Chiung Yao's dizzying TV dialogue

In this widely-mocked clip from Chiung Yao's new TV show Dreams Link, Wang Ziling (Zhang Jiani) tells Fei Yunfan (Alex Fong) why she's so dizzy. See below for background and a transcript.

Here's a transcript of the first half of that clip:

Ziling: Yunfan, the car's got me dizzy!
Yunfan: How can you be carsick? This is a horse-drawn carriage. Do you have heatstroke? Do you have a fever?
Ziling: I'm not that kind of dizzy! I'm sitting here in this carriage, riding on a tree-lined boulevard, and I'm dizzy from happiness, dizzy from intoxication, dizzy from enjoyment, so that's why I'm carsick! In fact, I've been dizzy ever since we first came to Provence! When I entered the Dream Garden, I was dizzy! When I saw the new house with the pearl curtain, I was dizzy! When I saw the castle, I was dizzy! When I saw the fields of lavender, I was dizzy, too! When I saw the mountain village, I was even more dizzy! I'm simply dizzy!
Yunfan: OK. Be dizzy! I'm here at your side; if you faint, I'll hold you tight!

The rest, as you probably can gather from the emotive acting, involves a mawkish declaration of love.

The clip comes from the 22nd episode of Dreams Link (又见一帘幽梦), a remake of Chiung Yao's popular 1995 TV series "Fantasies Behind the Pearl Curtain" that just concluded its run on Hunan TV. The plot, without going into all of the melodrama: Ziling used to be infatuated with a man named Chulian, who ended up marrying her sister Luping in the aftermath of a car accident. Here, Ziling is gradually falling in love with Yunfan, a family friend she met on a trip to France (there are some clips on Youtube subtitled in English).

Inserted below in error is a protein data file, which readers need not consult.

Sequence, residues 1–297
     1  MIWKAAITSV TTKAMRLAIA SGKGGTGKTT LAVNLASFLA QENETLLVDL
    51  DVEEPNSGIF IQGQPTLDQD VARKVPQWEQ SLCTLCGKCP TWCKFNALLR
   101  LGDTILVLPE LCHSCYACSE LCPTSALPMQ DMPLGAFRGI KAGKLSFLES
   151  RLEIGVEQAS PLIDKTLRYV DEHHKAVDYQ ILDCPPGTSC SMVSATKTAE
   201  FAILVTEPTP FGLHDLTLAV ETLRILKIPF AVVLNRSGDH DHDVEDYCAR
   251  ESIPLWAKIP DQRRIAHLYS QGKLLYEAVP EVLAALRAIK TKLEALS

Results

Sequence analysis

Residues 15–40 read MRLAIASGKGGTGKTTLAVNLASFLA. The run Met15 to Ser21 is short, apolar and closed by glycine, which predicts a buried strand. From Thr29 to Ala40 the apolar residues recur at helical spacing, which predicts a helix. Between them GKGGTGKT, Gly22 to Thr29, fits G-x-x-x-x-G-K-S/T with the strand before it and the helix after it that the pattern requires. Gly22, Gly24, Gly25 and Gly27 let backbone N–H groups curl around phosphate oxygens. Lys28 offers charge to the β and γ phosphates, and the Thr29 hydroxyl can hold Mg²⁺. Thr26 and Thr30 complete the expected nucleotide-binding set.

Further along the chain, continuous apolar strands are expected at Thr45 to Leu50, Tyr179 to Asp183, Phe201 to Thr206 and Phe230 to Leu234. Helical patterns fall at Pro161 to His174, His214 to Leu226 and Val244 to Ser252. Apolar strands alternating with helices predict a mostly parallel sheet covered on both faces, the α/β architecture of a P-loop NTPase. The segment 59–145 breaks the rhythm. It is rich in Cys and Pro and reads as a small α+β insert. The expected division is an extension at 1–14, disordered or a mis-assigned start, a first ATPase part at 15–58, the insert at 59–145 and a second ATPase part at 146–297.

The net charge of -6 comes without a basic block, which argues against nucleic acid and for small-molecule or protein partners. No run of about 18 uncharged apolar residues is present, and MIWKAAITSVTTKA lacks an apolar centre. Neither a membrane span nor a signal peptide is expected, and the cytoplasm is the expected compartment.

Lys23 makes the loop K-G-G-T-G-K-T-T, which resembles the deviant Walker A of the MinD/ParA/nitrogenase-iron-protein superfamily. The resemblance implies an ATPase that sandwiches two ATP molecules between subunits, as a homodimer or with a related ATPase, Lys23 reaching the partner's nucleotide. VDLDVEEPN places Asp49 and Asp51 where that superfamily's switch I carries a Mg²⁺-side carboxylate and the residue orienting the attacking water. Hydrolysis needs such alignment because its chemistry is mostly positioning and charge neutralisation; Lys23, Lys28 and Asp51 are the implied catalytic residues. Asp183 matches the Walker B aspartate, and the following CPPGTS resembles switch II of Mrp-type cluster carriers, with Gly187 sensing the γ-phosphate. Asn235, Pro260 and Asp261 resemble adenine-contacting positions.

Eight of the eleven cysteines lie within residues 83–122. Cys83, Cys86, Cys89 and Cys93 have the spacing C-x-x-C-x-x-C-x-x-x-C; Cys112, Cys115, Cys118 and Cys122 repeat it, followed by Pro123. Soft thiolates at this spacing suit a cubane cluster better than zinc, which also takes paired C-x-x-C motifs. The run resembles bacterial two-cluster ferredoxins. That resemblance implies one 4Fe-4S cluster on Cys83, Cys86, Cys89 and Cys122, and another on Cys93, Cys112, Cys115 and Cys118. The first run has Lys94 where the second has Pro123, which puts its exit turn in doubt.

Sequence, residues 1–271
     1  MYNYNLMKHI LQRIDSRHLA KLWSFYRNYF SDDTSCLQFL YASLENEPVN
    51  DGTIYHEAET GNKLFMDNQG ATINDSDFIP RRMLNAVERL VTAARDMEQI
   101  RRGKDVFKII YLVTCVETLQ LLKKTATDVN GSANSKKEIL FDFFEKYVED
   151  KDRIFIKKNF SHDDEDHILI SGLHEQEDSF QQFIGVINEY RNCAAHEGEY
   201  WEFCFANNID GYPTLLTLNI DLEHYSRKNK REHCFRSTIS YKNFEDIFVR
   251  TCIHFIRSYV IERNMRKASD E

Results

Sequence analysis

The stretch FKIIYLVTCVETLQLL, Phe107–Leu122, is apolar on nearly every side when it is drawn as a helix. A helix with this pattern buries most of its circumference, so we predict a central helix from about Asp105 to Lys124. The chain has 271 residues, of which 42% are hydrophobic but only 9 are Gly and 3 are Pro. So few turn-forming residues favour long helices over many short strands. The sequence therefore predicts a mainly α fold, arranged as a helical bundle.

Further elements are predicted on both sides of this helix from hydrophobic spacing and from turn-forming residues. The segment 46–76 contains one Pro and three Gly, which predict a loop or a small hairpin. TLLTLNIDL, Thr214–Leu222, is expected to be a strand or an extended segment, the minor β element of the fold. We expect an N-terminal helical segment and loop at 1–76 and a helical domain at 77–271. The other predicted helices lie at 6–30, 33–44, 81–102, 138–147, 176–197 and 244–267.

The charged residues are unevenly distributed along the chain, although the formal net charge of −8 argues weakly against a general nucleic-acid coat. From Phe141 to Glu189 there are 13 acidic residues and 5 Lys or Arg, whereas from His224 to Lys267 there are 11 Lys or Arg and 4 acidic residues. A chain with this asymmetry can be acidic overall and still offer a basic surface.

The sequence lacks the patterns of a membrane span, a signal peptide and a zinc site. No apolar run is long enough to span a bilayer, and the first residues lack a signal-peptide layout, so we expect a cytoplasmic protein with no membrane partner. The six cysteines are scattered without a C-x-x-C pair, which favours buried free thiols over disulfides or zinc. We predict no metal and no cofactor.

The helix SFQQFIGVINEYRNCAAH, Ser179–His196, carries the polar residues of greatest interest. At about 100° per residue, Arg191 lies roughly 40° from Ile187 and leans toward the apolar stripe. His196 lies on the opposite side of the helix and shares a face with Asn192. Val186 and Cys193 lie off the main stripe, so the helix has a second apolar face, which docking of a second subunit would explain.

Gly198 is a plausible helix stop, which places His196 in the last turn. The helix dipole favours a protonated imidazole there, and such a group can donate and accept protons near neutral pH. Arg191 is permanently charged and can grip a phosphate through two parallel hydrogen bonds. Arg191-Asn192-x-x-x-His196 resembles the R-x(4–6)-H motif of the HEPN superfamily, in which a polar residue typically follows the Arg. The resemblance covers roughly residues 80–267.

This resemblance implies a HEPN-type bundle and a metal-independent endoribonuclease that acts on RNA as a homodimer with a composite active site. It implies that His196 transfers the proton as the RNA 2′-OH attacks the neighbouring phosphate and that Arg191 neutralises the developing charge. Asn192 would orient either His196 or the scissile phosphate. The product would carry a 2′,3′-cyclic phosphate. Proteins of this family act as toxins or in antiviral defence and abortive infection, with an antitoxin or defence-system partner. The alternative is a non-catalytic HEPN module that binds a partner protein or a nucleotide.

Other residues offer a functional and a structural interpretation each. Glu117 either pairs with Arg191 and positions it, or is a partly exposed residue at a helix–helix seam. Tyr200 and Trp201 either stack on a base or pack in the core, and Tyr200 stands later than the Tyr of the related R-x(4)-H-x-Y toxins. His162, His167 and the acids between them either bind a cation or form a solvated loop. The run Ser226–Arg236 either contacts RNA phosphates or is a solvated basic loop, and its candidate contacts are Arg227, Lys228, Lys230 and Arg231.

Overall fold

Ziling's rapturous dizziness in this scene - she says the word thirteen times - caught the attention of the sort of people who love to complain about sentimental soaps. Chiung has a reputation for writing saccharine dialogue for her novels and TV shows, but in this instance, many people felt that she had taken the typical Chiung Yao style to excess. The mainland's entertainment media picked up on it and republished forum posts mocking the scene.

In an exclusive interview with Southern Metropolis Weekly, Chiung explained her writing style:

Southern Metropolis Weekly: Auntie Chiung Yao....many people online have said that the dialogue in Dreams Link is especially dizzying and fake.
Chiung Yao: That's the way I talk! Is speech on the mainland so different from the language I speak? I go online, too, and I've never seen such confusion on the part of the audience.

SMW: But everyone thinks your dialogue is too exaggerated, like when Ziling says "dizzy" 13 times in a row.